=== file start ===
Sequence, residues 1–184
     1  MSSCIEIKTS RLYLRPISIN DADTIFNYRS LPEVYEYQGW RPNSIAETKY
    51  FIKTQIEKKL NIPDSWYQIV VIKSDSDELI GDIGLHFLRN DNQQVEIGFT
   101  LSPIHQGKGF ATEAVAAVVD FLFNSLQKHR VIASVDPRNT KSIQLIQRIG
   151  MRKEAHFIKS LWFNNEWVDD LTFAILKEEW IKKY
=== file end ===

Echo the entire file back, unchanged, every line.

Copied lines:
Sequence, residues 1–184
     1  MSSCIEIKTS RLYLRPISIN DADTIFNYRS LPEVYEYQGW RPNSIAETKY
    51  FIKTQIEKKL NIPDSWYQIV VIKSDSDELI GDIGLHFLRN DNQQVEIGFT
   101  LSPIHQGKGF ATEAVAAVVD FLFNSLQKHR VIASVDPRNT KSIQLIQRIG
   151  MRKEAHFIKS LWFNNEWVDD LTFAILKEEW IKKY